Like most attempts to scale-up extraordinary success, expanding “stop question and frisk” failed; it ran out of control and became politically untenable. After a court ruled stop and frisk unconstitutional in August, 2013, stops had dropped to just 2,000 per week from 16,000 per week.

Today, shooting incidents in the city have increased about 10 percent since “stop, question and frisk” ended. There have been 893 shooting incidents by the first week of October 2015, up from 815 for the same period in 2013.

More importantly, the public perceives gun crime is increasing and street thugs think there is little risk to carrying a firearm. As Officer Holder’s mother, Princess Holder, was quoted, “I think Mayor [Bill] de Blasio should reconsider this stop-and-frisk because I think it’s gonna be a deterrent to these thugs who go around taking innocent people’s lives.”.

She’s right.

The NYPD should establish a new, small, elite, SCU with both uniformed and plain-clothes officers that reflects today’s diverse NYPD force of whites, blacks, Asians, Latinos and women, and hold them all to the same high standards of selection, training, and supervision that had existed in the SCU before the unit’s ill-conceived expansion in 1997. Each of the officers in uniform should be equipped with wearable cameras and audio recording devices to ensure that each stop is warranted, professional, and respectful to avoid allegations of racial profiling or abuse.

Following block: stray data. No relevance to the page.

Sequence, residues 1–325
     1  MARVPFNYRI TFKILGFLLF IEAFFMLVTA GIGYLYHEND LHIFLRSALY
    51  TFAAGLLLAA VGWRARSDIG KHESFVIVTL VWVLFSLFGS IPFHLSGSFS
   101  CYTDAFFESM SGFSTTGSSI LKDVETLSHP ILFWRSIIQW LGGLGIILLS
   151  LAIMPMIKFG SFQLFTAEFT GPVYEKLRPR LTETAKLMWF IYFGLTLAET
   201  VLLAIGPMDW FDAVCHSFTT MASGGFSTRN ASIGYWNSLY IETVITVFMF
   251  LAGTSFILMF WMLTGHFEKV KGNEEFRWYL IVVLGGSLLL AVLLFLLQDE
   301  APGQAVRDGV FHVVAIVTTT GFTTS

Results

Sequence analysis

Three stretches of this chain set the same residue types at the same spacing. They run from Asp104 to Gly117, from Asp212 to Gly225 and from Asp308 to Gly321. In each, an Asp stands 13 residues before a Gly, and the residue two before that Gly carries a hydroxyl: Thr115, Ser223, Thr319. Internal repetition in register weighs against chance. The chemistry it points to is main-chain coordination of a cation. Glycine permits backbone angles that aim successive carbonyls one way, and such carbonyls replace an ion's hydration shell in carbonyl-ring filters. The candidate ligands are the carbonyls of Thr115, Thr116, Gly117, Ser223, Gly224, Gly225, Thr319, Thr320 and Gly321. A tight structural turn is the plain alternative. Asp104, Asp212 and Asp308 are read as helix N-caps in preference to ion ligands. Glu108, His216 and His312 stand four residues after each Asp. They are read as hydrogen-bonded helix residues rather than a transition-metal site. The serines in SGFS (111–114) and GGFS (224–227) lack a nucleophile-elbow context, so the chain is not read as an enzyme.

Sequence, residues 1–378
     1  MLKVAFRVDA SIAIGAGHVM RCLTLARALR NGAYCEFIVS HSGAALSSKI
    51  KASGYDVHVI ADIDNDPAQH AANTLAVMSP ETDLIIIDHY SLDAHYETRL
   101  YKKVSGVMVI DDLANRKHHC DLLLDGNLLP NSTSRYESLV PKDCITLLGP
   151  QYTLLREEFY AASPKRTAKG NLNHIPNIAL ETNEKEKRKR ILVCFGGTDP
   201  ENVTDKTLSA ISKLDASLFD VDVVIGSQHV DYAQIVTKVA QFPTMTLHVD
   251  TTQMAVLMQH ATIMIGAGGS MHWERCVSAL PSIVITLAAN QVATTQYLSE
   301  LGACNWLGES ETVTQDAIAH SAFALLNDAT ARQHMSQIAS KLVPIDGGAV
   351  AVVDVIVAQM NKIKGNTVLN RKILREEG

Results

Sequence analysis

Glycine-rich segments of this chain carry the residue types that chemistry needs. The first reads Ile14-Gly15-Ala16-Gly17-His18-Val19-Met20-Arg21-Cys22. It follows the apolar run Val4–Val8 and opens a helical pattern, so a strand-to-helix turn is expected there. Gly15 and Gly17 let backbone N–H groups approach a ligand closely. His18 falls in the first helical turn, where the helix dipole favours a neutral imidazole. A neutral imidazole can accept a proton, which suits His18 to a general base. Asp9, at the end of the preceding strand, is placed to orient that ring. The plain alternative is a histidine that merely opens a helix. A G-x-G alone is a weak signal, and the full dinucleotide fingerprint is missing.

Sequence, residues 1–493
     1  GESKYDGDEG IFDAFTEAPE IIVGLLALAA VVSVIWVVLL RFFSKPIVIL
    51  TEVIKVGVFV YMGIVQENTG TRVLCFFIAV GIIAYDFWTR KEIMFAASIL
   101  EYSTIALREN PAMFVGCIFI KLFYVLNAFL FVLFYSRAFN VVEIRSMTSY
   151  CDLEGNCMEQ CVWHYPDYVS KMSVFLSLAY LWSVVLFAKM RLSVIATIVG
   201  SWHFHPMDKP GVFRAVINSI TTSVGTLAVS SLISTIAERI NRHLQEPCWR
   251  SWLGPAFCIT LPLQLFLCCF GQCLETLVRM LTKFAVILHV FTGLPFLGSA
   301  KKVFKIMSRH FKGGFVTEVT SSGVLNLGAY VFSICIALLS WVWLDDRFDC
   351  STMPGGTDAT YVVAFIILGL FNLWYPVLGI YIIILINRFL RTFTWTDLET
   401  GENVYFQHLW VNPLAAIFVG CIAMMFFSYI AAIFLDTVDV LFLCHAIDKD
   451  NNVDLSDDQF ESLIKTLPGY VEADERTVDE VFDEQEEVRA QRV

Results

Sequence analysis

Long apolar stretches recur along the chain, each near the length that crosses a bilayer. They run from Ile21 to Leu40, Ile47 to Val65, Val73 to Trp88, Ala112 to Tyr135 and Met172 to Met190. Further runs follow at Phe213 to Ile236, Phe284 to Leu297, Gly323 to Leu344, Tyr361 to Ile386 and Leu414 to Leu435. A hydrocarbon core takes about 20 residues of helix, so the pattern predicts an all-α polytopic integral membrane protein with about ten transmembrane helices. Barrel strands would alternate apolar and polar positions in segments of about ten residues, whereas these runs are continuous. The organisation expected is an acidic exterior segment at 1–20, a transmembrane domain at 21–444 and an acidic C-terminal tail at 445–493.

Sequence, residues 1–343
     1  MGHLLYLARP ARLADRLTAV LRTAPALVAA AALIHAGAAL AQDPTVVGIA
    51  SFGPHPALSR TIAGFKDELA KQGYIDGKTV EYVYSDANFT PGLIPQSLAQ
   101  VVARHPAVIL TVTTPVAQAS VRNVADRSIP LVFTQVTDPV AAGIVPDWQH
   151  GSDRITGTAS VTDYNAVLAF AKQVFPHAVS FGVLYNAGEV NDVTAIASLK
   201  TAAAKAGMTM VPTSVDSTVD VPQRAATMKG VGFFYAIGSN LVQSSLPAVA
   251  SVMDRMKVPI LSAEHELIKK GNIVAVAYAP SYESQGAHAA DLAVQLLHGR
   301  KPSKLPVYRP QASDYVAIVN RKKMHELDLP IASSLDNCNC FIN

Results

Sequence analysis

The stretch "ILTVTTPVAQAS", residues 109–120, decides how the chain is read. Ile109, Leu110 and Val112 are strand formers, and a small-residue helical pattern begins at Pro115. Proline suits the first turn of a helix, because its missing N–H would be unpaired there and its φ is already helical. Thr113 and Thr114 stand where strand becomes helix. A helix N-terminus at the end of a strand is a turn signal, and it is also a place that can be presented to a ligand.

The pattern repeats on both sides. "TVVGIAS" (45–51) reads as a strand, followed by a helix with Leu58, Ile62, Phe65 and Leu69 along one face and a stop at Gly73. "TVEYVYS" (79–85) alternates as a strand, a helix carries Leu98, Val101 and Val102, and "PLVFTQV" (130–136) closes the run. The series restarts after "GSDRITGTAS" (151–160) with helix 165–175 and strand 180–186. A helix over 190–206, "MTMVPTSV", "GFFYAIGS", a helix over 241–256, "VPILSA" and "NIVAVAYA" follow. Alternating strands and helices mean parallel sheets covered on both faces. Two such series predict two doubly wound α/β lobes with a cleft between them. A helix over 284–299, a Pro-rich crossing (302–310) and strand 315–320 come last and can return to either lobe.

Amadou Diallo’s death was a tragedy. So was Officer Holder’s.

But we only compound their tragic losses if we continue to allow illegal firearms to go unchecked in our city because the NYPD made a poor management decision almost 20 years ago. We need to fix it.

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J.G. Collins manages an advisory and consulting firm in Manhattan and contributes to the New York Post, Forbes Opinion, and The Daily Caller, among other publications.

To Combat Gun Crimes, Resurrect the NYPD’s Street Crime Unit